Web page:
Study finds new way to predict MS diagnosis in children

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TORONTO – Early MRI scans can help predict the diagnosis of multiple sclerosis (MS) in children, which may permit earlier initiation of treatment, according to a new national study.

The study, led by The Hospital for Sick Children (SickKids) and was performed as a part of the Canadian Pediatric Demyelinating Disease Network, is a 23-site study that includes all paediatric health-care facilities in Canada. MS is an autoimmune disease that affects the brain and spinal cord. People with MS develop lesions (patches of inflammation in the central nervous system (CNS)) in which the neurons have been stripped of their myelin (insulating fatty protein).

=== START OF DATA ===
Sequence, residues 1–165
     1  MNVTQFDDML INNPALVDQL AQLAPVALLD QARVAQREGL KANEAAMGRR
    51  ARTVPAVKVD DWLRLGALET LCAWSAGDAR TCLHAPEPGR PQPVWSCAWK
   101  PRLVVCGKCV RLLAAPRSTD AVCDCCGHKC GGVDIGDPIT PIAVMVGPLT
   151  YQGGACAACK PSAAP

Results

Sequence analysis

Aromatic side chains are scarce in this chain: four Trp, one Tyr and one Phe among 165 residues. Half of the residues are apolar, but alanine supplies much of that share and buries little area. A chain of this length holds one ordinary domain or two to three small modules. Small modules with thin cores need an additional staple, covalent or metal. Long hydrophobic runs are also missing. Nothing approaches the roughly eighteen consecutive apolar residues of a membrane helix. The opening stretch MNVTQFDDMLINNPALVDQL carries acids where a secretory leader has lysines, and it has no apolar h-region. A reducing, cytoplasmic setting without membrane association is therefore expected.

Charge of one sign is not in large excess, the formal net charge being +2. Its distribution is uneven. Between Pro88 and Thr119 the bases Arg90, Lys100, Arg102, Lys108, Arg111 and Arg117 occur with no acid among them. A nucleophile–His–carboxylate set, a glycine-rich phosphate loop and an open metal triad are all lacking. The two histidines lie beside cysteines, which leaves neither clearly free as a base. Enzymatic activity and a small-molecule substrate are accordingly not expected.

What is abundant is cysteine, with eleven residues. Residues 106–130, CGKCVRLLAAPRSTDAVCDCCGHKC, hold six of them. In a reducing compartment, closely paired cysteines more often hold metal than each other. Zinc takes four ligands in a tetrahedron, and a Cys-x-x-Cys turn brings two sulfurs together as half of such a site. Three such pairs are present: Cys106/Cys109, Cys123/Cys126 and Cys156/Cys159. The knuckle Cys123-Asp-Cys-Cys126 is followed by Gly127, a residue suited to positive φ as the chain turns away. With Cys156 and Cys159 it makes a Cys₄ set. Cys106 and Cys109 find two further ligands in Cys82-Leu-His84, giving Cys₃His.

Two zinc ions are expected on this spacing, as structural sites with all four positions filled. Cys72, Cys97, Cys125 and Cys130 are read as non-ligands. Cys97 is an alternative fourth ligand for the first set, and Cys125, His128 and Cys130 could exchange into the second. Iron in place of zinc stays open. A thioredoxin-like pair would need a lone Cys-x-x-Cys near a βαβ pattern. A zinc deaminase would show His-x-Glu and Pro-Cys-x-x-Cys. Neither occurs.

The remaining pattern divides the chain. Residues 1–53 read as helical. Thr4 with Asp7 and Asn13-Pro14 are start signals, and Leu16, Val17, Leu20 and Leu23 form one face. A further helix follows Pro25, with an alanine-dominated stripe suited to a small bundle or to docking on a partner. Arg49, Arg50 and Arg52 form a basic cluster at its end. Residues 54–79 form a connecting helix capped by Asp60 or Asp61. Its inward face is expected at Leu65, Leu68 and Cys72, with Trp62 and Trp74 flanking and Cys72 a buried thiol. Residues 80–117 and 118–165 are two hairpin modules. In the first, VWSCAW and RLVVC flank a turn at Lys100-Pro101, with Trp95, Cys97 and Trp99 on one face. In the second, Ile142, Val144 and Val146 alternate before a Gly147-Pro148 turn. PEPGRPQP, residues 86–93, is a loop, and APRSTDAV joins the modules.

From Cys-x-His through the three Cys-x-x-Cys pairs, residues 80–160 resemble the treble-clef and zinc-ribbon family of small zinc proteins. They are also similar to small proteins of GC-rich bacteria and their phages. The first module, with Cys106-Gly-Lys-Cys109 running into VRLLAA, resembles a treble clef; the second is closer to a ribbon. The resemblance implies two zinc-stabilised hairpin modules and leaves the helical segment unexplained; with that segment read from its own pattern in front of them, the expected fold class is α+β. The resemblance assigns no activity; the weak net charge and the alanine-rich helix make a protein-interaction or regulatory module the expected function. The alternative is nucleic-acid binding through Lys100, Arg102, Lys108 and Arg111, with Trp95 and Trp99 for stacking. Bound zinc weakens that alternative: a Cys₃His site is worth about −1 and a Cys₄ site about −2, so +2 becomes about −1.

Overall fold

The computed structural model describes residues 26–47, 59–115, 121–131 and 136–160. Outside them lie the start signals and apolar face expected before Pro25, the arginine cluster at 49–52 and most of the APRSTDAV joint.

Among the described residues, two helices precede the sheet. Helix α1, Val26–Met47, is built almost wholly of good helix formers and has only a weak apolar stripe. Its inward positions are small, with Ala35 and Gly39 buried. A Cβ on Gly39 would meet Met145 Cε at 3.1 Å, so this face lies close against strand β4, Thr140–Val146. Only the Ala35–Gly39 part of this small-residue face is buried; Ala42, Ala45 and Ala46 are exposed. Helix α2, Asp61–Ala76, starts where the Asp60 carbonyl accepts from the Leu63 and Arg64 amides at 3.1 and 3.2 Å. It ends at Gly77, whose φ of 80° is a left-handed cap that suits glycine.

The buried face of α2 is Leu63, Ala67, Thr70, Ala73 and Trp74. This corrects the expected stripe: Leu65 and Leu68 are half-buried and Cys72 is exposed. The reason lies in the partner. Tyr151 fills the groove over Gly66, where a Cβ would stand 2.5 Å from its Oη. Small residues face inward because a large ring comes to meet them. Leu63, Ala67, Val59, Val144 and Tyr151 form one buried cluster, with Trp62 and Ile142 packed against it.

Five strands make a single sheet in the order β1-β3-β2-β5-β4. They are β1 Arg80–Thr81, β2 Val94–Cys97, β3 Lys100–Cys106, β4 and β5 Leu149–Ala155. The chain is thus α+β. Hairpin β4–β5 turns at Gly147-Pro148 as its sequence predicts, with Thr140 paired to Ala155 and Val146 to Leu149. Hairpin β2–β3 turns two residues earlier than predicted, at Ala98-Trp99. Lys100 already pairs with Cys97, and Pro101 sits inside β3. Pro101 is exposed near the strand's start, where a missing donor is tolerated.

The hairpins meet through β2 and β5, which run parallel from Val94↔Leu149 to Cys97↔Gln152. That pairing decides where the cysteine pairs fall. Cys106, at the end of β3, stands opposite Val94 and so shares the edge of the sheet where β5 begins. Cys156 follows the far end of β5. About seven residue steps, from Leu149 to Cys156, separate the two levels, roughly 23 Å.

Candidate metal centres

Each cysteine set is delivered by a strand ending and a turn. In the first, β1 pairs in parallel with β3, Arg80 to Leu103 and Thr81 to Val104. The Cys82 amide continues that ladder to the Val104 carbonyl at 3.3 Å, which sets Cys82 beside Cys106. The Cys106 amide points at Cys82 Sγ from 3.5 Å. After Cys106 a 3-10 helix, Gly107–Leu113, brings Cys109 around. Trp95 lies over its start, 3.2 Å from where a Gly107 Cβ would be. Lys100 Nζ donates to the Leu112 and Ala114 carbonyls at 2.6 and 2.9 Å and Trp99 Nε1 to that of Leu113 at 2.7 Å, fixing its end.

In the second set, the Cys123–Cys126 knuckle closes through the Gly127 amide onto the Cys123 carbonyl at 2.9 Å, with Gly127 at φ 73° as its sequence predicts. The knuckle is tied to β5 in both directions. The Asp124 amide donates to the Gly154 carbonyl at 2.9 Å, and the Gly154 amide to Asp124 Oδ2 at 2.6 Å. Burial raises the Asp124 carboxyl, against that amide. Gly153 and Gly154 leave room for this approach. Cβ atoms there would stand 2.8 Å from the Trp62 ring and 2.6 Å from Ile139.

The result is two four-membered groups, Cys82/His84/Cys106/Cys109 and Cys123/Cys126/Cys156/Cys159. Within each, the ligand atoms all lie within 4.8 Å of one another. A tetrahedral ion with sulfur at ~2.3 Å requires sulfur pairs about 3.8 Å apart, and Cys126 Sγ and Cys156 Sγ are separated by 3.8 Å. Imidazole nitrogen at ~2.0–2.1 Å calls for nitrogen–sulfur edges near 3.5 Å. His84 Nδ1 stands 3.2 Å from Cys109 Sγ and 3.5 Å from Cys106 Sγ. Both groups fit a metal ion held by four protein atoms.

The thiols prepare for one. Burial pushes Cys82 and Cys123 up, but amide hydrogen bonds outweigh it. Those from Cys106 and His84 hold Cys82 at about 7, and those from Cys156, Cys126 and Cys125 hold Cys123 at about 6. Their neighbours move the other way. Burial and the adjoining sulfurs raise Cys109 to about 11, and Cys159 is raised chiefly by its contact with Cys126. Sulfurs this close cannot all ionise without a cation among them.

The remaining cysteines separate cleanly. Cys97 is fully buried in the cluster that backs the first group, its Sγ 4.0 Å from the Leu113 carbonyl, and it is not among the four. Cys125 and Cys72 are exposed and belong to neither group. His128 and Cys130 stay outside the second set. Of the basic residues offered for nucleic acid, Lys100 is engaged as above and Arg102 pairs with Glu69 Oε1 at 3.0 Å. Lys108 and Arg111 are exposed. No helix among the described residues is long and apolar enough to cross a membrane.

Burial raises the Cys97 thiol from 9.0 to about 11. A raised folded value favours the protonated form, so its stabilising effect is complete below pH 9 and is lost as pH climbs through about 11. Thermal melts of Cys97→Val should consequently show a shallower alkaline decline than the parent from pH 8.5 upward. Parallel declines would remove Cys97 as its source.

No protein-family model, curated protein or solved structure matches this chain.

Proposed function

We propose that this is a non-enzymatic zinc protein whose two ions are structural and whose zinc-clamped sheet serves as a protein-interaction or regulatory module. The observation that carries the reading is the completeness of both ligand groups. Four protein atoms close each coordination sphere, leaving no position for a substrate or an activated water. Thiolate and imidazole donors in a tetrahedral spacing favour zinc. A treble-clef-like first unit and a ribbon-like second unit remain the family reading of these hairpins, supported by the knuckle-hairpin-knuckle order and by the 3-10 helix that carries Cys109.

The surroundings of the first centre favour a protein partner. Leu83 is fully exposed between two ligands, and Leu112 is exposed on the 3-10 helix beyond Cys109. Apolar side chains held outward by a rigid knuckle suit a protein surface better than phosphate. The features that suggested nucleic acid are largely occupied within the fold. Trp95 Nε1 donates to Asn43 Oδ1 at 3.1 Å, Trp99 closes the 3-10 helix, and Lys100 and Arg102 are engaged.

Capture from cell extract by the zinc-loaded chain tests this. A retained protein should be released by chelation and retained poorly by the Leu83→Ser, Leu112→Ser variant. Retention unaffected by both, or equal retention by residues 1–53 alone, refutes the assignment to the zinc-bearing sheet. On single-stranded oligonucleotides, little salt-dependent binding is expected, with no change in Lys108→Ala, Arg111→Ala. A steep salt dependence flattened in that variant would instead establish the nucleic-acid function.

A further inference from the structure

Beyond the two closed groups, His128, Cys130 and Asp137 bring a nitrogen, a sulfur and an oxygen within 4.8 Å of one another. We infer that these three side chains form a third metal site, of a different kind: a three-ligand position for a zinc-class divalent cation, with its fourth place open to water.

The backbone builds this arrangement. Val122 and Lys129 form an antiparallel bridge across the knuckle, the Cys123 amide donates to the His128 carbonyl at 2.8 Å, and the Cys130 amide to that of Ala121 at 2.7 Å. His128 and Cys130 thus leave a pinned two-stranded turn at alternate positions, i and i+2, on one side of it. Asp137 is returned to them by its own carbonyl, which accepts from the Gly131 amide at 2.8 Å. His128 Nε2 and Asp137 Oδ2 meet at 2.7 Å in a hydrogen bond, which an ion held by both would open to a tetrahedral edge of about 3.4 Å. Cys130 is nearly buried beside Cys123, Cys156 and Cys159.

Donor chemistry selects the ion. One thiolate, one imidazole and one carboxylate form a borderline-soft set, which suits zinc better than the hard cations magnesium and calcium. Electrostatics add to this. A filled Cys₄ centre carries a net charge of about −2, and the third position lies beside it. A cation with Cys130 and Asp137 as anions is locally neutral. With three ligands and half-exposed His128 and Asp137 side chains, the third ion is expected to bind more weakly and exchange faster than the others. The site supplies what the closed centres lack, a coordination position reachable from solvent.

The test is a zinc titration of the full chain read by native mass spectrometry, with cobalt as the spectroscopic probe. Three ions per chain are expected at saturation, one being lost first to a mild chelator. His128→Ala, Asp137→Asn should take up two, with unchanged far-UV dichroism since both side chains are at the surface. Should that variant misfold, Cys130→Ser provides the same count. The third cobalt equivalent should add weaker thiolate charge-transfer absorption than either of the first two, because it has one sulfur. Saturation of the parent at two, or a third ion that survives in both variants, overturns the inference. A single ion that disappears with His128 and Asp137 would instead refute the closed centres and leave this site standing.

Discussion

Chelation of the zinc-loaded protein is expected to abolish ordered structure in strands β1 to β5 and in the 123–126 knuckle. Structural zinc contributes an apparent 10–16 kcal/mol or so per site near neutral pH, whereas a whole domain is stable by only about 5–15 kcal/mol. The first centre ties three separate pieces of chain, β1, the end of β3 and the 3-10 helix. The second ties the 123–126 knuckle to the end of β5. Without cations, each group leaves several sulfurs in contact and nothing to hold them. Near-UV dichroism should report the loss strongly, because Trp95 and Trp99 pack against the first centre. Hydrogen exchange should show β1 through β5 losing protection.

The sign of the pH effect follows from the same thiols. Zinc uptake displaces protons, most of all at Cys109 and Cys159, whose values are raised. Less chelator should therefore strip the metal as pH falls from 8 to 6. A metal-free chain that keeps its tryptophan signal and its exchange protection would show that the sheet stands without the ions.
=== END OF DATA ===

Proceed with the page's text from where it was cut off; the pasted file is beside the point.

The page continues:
In this study, the investigators created a rigorous scoring tool that was applied to magnetic resonance imaging (MRI) scans from paediatric patients following their first acute CNS demyelinating attack.

Dr. Brenda Banwell, Principal Investigator of the study, Staff Neurologist and Senior Associate Scientist at SickKids, notes that while MRI has been used on adults in this manner, “this is the first time anyone has applied an MRI scoring tool to MRI scans from a population of at-risk paediatric patients. The study demonstrates that there are reliable MRI features present at the first clinical attack that indicate that the biology of MS is already established and has been going on for some time.”

The study is published in the November 7 advance online edition of Lancet Neurology and the full article can be found here.


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